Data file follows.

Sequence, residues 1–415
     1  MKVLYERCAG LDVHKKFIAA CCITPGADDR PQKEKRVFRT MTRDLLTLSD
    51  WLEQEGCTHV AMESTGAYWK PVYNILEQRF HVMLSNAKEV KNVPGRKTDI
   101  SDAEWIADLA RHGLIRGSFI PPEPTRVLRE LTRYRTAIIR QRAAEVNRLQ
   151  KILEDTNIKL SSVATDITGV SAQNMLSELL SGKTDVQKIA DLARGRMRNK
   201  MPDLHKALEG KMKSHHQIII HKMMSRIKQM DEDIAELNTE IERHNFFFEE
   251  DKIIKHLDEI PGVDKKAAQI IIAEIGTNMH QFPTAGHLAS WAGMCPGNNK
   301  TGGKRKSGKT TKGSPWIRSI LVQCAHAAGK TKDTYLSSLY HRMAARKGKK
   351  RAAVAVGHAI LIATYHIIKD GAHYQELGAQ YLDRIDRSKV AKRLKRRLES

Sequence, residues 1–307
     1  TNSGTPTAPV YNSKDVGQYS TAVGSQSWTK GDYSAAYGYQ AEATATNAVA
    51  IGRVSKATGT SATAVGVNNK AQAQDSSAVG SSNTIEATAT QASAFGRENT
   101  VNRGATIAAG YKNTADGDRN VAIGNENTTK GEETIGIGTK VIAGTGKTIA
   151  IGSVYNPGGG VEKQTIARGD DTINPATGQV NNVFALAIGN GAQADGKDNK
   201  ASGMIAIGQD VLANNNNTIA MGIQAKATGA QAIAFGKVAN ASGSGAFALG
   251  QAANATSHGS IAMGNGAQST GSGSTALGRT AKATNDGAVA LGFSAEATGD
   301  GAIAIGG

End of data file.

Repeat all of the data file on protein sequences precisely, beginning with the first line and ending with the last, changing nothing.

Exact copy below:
Sequence, residues 1–415
     1  MKVLYERCAG LDVHKKFIAA CCITPGADDR PQKEKRVFRT MTRDLLTLSD
    51  WLEQEGCTHV AMESTGAYWK PVYNILEQRF HVMLSNAKEV KNVPGRKTDI
   101  SDAEWIADLA RHGLIRGSFI PPEPTRVLRE LTRYRTAIIR QRAAEVNRLQ
   151  KILEDTNIKL SSVATDITGV SAQNMLSELL SGKTDVQKIA DLARGRMRNK
   201  MPDLHKALEG KMKSHHQIII HKMMSRIKQM DEDIAELNTE IERHNFFFEE
   251  DKIIKHLDEI PGVDKKAAQI IIAEIGTNMH QFPTAGHLAS WAGMCPGNNK
   301  TGGKRKSGKT TKGSPWIRSI LVQCAHAAGK TKDTYLSSLY HRMAARKGKK
   351  RAAVAVGHAI LIATYHIIKD GAHYQELGAQ YLDRIDRSKV AKRLKRRLES

Sequence, residues 1–307
     1  TNSGTPTAPV YNSKDVGQYS TAVGSQSWTK GDYSAAYGYQ AEATATNAVA
    51  IGRVSKATGT SATAVGVNNK AQAQDSSAVG SSNTIEATAT QASAFGRENT
   101  VNRGATIAAG YKNTADGDRN VAIGNENTTK GEETIGIGTK VIAGTGKTIA
   151  IGSVYNPGGG VEKQTIARGD DTINPATGQV NNVFALAIGN GAQADGKDNK
   201  ASGMIAIGQD VLANNNNTIA MGIQAKATGA QAIAFGKVAN ASGSGAFALG
   251  QAANATSHGS IAMGNGAQST GSGSTALGRT AKATNDGAVA LGFSAEATGD
   301  GAIAIGG